I was fascinated to learn celebrated journalist John J. Miller had written a Kindle Single on the subject of James J. Strang.
I was thrilled that John Miller was willing to do a Q&A with me for your benefit.
For those not familiar with James J. Strang, he was the 1844 convert who claimed to be Joseph Smith’s chosen successor.
Strang started by renouncing polygamy and spiritual wifery at a time when Brigham Young and Heber Kimball were continuing Joseph Smith’s secret teachings regarding the possibility of plural wives in Celestial marriage. Ironically, men known to have participated in illicit intercourse and spiritual wifery under the leadership of John C. Bennett and William Smith would become Strangites. Strang came to Nauvoo right around the time William Law and Austin Cowles were becoming lethally disaffected with Mormonism. He was baptized in the month when Law and Cowles were gathering conspirators with the intent of murdering Joseph Smith. As many who actively conspired against Joseph allied themselves with Strang (including my ancestor, Austin Cowles), I have come to regard membership in Strang’s sect as a highly suspicious sign.
A few years after Strang put himself at the front of a post-martyrdom Mormon sect claiming to renounce polygamy, Strang began gallivanting around the country with “Charles J. Douglas,” a 19-year-old woman whose real name was Elvira Eliza Field. Ms. Field would dress in men’s clothing to permit her to accompany the man she regarded as her husband. Strang’s original wife, never more than lukewarm about her husband’s association with Mormonism, left him. Strang married three more plural wives. All four of his plural wives were pregnant in 1856 when matters came to a head.
By 1856 tension between Strang and those who opposed him resulted in his shooting. Strang lingered for weeks before dying, never conferring on another the keys to his Strangite kingdom. In Strang’s case, he had actually had himself coronated king, hence the title of John Miller’s book.
Meg: I enjoyed this slim volume immensely. What brought you to write about James Strang?
Saving money was the topic of our ward’s last 5th Sunday discussion.
Fun as it was to come up with a perpetual planner, that was a mere lark compared to the really cool tool I worked on during the holiday break. The problem was developing a template to plan and manage family finances and scheduling.
Just like there are lots of tools for performing tactical management of money, I was looking for something that would help us get a strategic approach to money. To some people this comes naturally. To many couples, this is no big deal. Some families already have systems to live well within their means.
We, on the other hand, find the financial aspect of life to be somewhat of a challenge, in part because we have lacked a tool that helped us have a common understanding of our spending and obligations.
A few years ago I had set things up so the bills would get paid with a minimal amount of effort on the part of my husband and myself. The holy grail was a tool that would help us easily visualize the year’s finances in advance so it would be easy to stay on budget even when the bank account showed lots of money “just sitting there.”
You may have heard of the Passion Planner, a tool developed by Angelia Trinidad and launched via a Kickstarter campaign that raised over $700,000. My daughter was really excited about the planner and will be using it for 2016.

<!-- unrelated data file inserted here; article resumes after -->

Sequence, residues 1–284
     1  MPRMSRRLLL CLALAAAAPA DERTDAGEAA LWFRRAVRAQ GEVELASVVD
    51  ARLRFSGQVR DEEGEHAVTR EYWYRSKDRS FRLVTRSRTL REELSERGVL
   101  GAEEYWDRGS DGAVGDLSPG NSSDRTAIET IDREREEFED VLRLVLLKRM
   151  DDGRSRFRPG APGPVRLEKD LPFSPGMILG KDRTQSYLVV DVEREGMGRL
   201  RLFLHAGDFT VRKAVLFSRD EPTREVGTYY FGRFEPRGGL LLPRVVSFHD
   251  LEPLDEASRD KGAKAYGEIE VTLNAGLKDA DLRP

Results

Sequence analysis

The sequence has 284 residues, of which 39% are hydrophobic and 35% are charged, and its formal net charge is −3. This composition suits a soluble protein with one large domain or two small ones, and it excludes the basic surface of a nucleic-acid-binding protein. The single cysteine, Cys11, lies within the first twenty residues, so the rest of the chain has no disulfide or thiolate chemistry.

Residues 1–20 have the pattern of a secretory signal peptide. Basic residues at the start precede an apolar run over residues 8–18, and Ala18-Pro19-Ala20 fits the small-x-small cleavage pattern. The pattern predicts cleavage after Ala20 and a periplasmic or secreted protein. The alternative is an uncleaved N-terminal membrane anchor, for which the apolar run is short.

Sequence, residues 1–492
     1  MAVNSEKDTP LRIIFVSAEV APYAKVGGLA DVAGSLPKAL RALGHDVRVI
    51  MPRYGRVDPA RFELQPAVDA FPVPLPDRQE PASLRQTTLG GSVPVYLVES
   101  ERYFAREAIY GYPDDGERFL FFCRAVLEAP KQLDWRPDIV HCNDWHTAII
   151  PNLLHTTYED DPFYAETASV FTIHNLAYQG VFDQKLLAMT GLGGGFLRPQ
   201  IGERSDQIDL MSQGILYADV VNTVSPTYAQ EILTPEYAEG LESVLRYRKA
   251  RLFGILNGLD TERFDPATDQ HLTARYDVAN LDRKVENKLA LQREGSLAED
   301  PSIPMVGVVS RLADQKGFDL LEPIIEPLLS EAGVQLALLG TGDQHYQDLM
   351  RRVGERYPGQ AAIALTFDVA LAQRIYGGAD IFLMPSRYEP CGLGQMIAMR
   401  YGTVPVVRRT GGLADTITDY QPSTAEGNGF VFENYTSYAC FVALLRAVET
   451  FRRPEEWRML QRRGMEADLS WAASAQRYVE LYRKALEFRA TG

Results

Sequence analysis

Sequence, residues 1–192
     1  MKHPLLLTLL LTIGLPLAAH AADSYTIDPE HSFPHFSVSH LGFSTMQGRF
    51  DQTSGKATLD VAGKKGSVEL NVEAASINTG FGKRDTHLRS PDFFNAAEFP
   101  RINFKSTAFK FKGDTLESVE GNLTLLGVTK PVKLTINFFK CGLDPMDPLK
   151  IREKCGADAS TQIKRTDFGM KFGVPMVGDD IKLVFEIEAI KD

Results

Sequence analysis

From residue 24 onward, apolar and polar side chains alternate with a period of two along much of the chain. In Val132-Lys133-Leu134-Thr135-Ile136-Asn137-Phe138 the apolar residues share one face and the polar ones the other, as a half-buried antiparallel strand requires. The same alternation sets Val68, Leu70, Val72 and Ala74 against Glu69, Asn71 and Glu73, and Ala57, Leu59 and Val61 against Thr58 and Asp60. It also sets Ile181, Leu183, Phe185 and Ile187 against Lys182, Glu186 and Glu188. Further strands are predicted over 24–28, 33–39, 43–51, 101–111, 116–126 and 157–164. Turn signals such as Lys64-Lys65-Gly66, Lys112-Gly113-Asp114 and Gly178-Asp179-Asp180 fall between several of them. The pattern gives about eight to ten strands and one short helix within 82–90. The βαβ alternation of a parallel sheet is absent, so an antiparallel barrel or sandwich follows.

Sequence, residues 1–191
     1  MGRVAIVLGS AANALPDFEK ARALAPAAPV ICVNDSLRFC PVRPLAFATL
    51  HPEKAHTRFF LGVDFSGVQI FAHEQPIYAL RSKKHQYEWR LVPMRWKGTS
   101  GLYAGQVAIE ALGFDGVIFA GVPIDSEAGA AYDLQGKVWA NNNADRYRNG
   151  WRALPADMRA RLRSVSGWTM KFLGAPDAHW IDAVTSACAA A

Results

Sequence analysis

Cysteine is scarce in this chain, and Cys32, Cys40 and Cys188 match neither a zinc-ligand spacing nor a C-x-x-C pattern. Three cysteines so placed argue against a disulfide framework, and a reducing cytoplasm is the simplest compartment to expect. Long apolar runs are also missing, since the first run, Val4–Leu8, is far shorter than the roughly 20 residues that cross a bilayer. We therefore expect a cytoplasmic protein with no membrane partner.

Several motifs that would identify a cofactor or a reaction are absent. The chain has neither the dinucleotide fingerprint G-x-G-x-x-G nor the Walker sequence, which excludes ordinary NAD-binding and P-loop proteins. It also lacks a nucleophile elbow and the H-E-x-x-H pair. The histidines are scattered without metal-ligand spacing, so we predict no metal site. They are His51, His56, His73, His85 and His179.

I, on the other hand, have been supporting Chris Bailey in his “A Year of Productivity” project, which has morphed into A Life of Productivity. Chris’ articles about what he’s been learning about productivity during his dedicated immersion in the subject are wonderful to read, and he seems to be just a really great guy. He was even pretty zen when I told him his logo makes me think of chicken:
One of Chris’ coolest insights, in my opinion, is that true productivity occurs when energy, time, and attention are focused on the goal. In retrospect, he found that a large percentage of his posts dealt with energy, time, or attention.
Inspired by my own 50+ years of learning and nearly as many years trying to find a planner I liked, here’s an excel-based planner you’re free to use, if it suits you. Continue reading
[Original painting of Joseph Smith circa 1842 and digital alteration of painted HPH copy]
The November-December 1980 issue of Sunstone contained an article by Lorie Winder examining the physical descriptions and depictions of Joseph Smith. Though physical characteristics tell us little about the man himself, I understand why she titled her article In Search of the Real Joseph Smith.
I have frequently used the forward facing oil painting created in 1842 by an unknown artist in my posts about Joseph Smith. This is a painting that was owned by Joseph Smith III and is now owned by the Community of Christ. But this image is incorrect in various ways when compared to Joseph’s death mask:
- The eyes are too small and too close to the center of the face.
- The mouth is too small and too close to the nose.
- The chin is too close to the nose and gives the appearance of a concave face, where Joseph had a convex face.
- The nose itself is too narrow and the tip is far too pointy.
Unless you live in a galaxy far far away, you are probably aware that the new Star Wars film debuted this week.
Since not everyone will have seen the film, I’ll avoid giving away any plot points. But this film returns us to the 1977 roots of Star Wars, when the film sat in the top box office spot for 40 weeks in a row.
What made the original movie great?
In Luke Skywalker we had the petulant teen who was stuck in a small town/world. He was an orphan whose aunt and uncle are killed minutes into the film. Having a young male protagonist without parental figures is always a good move in storytelling, since parent figures might actually protect you. And where’s the fun/danger in that? Continue reading